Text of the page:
Keeping your Gums Healthy
People are living longer and healthier lives. And, older adults also are more likely to keep their teeth for a lifetime than they were a decade ago. However, studies indicate that older people have the highest rates of periodontal disease and need to do more to maintain good oral health.
Whatever your age, it is important to keep your mouth clean, healthy and feeling good. And it is important to know the state of your periodontal health.
- Periodontal disease is common affecting 30% of young adults and more than 80% of persons over 65 years of age.
- Almost one out of four people age 65 and older have lost all their teeth.
- Receding gum tissue affects the majority of older people
- Periodontal disease and tooth decay are the leading causes of tooth loss in older adults.
What you may not realize is that oral health is not just important for maintaining a nice-looking smile and being able to eat corn on the cob. Good oral health is essential to quality of life. Consider a few of the reasons:
- Every tooth in your mouth plays an important role in speaking, chewing and in maintaining proper alignment of other teeth.
- A major cause of failure in joint replacement is infection, which can travel to the site of the replacement from the mouth in people with periodontal disease.
- People with dentures or loose and missing teeth often have restricted diets since biting into fresh fruits and vegetables are often not only difficult, but also painful. This likely means they don’t get proper nutrition.
- Most men and women age 65 and older report that a smile is very important to a person’s appearance. And maybe most importantly, recent resaerch has advanced the idea that periodontal disease is linked to a number of major health concerns such as heart disease, stroke, respiratory disease and diabetes.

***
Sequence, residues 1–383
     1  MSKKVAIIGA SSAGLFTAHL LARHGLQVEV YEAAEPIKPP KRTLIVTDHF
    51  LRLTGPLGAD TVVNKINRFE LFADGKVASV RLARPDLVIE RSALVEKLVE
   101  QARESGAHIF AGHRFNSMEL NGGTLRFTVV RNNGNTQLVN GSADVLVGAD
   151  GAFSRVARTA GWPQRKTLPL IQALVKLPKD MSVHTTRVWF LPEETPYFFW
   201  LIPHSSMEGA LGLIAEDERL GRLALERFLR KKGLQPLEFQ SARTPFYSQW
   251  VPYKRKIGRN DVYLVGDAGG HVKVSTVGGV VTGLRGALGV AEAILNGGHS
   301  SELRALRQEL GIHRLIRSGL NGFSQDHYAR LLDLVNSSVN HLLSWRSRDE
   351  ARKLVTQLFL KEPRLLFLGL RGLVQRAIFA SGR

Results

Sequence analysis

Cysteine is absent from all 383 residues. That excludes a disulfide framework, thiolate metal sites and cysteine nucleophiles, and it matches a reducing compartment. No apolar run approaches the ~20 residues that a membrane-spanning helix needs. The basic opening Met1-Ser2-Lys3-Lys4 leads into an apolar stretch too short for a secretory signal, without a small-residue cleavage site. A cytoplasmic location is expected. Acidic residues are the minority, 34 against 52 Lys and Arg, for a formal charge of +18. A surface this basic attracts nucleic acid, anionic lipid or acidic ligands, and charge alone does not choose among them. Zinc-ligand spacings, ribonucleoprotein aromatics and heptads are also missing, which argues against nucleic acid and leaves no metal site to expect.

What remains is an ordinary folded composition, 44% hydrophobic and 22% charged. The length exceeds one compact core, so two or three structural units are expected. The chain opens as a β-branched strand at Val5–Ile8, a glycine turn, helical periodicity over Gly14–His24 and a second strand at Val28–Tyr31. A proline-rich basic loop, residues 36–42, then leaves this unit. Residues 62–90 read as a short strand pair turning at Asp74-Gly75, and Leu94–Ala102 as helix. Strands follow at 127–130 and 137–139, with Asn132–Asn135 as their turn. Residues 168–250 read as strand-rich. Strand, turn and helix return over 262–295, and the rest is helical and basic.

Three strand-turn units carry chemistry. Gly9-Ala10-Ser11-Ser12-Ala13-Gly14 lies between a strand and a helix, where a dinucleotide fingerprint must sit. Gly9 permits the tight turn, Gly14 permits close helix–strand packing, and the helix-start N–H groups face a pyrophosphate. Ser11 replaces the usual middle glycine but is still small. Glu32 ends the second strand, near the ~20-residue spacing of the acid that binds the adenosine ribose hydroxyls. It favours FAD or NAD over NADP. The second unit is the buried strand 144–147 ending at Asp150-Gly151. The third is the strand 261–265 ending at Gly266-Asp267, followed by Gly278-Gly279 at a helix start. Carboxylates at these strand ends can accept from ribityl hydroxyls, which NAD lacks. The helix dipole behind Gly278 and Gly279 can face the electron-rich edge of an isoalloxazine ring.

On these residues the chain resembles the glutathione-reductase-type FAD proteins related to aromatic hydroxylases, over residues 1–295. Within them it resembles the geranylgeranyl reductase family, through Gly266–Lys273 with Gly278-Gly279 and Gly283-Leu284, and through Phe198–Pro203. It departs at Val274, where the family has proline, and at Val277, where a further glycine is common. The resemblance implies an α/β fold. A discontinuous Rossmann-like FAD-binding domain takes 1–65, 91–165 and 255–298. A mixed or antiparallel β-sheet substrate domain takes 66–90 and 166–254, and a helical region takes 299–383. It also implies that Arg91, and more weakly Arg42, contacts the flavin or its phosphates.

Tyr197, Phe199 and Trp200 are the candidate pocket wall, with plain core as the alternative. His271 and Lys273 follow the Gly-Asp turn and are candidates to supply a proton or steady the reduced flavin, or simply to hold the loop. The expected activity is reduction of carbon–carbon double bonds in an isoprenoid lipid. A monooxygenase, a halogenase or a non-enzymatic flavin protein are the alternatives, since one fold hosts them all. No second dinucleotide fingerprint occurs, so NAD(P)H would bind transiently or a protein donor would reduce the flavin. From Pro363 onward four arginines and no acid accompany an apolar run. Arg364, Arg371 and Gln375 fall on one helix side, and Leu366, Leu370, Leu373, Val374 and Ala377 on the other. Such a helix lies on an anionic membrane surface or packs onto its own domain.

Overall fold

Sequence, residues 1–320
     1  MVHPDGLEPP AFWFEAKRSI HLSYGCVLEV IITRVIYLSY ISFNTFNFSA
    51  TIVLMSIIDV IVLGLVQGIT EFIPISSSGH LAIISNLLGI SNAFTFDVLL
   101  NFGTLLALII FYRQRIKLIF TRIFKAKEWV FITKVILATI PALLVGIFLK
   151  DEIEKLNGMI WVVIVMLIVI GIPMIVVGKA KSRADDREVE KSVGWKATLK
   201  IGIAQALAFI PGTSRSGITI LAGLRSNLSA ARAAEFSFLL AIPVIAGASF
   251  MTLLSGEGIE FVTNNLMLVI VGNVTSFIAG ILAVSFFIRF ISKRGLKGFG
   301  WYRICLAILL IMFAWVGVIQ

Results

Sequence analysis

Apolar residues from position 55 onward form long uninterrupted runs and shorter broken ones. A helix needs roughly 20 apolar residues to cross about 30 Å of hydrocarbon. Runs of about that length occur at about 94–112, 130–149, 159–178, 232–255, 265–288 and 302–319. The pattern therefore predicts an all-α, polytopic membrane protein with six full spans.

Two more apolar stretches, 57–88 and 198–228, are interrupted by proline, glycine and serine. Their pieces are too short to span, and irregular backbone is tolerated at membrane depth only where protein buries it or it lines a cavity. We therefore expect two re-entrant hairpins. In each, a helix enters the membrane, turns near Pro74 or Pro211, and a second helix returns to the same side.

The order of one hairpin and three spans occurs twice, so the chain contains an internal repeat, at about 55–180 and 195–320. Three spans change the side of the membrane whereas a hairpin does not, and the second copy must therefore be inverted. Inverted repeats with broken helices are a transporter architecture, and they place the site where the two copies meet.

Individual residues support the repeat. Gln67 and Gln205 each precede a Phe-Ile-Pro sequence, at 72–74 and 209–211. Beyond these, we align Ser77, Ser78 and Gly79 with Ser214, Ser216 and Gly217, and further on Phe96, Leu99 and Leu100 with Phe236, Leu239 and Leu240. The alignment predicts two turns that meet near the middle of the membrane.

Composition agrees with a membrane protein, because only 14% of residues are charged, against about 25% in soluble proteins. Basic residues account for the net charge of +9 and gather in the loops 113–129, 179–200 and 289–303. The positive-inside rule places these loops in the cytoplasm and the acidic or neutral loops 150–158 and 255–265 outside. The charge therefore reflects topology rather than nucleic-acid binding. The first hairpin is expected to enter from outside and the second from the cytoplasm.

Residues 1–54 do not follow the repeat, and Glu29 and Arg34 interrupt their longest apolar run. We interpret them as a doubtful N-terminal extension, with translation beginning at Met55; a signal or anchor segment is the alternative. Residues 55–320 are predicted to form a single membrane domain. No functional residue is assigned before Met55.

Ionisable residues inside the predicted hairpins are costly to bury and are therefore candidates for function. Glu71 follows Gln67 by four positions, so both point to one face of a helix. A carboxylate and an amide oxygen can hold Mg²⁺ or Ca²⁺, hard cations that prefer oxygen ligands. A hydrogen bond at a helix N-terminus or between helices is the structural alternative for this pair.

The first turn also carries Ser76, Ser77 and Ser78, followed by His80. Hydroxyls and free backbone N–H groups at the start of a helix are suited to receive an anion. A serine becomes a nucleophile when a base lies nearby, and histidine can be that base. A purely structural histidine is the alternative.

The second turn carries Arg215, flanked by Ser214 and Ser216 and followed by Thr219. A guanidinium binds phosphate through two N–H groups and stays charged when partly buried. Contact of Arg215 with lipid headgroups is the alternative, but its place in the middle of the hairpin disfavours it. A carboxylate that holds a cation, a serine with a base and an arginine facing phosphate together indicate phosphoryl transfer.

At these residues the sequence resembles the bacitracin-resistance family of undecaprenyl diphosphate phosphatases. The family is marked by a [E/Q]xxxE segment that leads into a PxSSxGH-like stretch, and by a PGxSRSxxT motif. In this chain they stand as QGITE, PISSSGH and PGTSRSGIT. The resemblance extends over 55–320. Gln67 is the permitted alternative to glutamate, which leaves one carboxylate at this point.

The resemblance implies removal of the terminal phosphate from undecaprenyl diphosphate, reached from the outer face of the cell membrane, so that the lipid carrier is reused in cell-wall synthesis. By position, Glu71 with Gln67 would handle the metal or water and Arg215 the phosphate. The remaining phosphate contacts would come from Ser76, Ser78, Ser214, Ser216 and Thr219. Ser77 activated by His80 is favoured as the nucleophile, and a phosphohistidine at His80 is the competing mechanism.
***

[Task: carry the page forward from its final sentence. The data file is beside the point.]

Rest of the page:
Gum disease is caused by plaque – a sticky, colorless film of bacteria that is constantly forming on your teeth. These bacteria produce toxins that can irritate the gums and damage teeth. Left untreated, gingivitis may progress to a more severe form of gum disease called periodontitis.While your likelihood of developing periodontal disease increases with age, the good news is that research suggests that these higher rates may be related to risk factors other than age. So, periodontal disease is not an inevitable aspect of aging. Risk factors that may make older people more susceptible include general health status, diminished immune status, medications, depression, worsening memory, diminished salivary flow, functional impairments and change in financial status.
Preventing Periodontal Disease
Even if you’ve manage to avoid periodontal disease until now, it is especially important to practice a meticulous oral care routine as you age. Receding gum tissue affects a large percentage of older people. This condition exposes the roots of teeth and makes them more vulnerable to decay and periodontal infection.
To keep your teeth for a lifetime, you must remove plaque from your teeth and gums everyday with proper brushing and flossing. Regular dental visits are also important. daily cleaning willhelp keep calculus formation to a minimum, but won’t completely prevent it. A professional cleaning at least twice a year is necessary to remove calculus from places your toothbrush and floss may have missed.
Treating Periodontal Disease
In the earlier stages of periodontal disease, most of the treatment involves scaling and root planning, which means removing plaque and calculus in the pockets around the tooth and smoothing the root surfaces. In most cases of early periodontal disease, scaling and root planning and proper daily home care are all that are required for a satisfactory result. More advanced cases may require surgical treatment.
Once you’ve been treated for periodontal disease, periodontal maintenance procedures or supportive periodontal therapy enables you to gain control of the disease and increase your chances of keeping your natural teeth.